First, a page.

Languages teaching will have to be more relevant and experimental to win back teens, writes Ian Maun
So, languages are "in free fall", according to John Dunford, general secretary of the Association of School and College Leaders. GCSE results show a drop of 14.2 per cent in the number of students taking German, 13.2 per cent in those taking French, and 0.5 per cent in the numbers taking Spanish.
Dr Ellie Johnson Searle, director of the Joint Council for Qualifications, says the fall should be of concern to everyone. Concern? This is a matter for extreme alarm! Tory education spokesman David Willetts upped the scale a couple of points and described it as "shocking" - somewhere nearer the truth.
So how did we get here? Let's get it clear. Children in English schools are not taught French, German, Spanish or any other real language. They learn emasculated, cut-down versions, unrecognisable to native speakers, a version validated by QCA, Ofsted and the examination boards. In the 1960s and 1970s, linguistic research began to guide teachers towards realistic ways of teaching languages, moving away from the artificial, writing-based approaches of O and A-level. Then came the national curriculum and Ofsted.
Instead of teaching the language, teachers became concerned with whether they were "delivering" paragraph 4b of the national curriculum, and whether they had "delivered" 7W6 of the key stage 3 framework (7W6 is better known as "teaching the alphabet").
Writers of language books today include texts about, for instance, super-volcanoes, the decline of the Siberian tiger and the work of the Red Cross. Pity that the GCSE exam questions will be on how you travel to school and what you spend your pocket money on.
Faced with unreal language, boring exams and repetitive lessons, pupils began to vote with their feet. Teachers became hard to find and modern foreign languages became a shortage subject. The Government's answer? If we can't get teachers, make the subject voluntary.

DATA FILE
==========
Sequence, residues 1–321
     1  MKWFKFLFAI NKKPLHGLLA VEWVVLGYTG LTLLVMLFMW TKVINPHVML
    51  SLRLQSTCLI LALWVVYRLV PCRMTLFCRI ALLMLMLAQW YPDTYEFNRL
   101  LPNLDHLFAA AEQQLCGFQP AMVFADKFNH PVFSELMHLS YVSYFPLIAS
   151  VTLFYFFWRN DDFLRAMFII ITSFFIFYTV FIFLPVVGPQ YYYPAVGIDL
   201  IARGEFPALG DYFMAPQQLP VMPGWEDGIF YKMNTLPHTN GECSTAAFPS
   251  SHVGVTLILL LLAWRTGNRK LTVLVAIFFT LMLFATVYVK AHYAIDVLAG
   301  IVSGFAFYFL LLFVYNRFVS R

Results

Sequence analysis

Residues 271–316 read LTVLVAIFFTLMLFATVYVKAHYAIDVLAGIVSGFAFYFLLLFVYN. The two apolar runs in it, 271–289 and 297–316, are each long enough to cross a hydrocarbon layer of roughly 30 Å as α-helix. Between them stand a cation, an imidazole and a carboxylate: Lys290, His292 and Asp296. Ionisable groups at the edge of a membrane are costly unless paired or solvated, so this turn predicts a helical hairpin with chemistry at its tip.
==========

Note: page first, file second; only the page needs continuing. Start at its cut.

Making languages voluntary was like offering a tunnel to prisoners sentenced to five years of death by boredom. The inmates poured out. In a last desperate attempt to round up some of the joyfully-fleeing escapees, the Government has set schools targets of getting 50 per cent of their pupils up to GCSE on the same tedious diet.
That diet won't work. One of the lessons of the 1970s was that language courses should suit the students. Today's GCSE students are 16 years old.
They have passed the age of sexual consent, they can marry with the permission of their parents, some are already parents. And what is a GCSE exam board's idea of an appropriate coursework topic? "My ideal school uniform".
Even the exam questions bear no relationship to reality. Take the higher level writing question: "You are ill. Your penfriend has emailed you to ask what's wrong. Answer her questions. Tell her what's wrong, when it started, how you're feeling, what you're eating, what you're drinking and what you're going to do to keep up with school work."
Anyone for that tunnel?
This is all down to the big A, of course - assessment. It's easier to assess a prescribed set of vocabulary and linguistic structures than it is to assess somebody using natural language. If the present climate doesn't change, the new key stage 2 initiative is doomed to failure. By 2010 all children will have the entitlement to learn a language and the new strategy says teachers will have to "deliver" OLIKS (oracy, literacy, intercultural understanding, knowledge of language, strategies for language learning).
The drop-out will occur at 14, because the same fossilisation of content and teaching methods will set in, prescribed from above and enforced by bureaucrats.
There is only one thing to do, and that is to return to teachers the flexibility, responsibility and professional judgment of which they have been deprived. They will then be able to devise interesting and relevant courses for today's teens. Only if the experts are given the freedom to experiment and encourage, to move and motivate, will there be hope of England halting its slide into monolingualism.
Ian Maun is subject leader for MFL at the school of education and lifelong learning, University of Exeter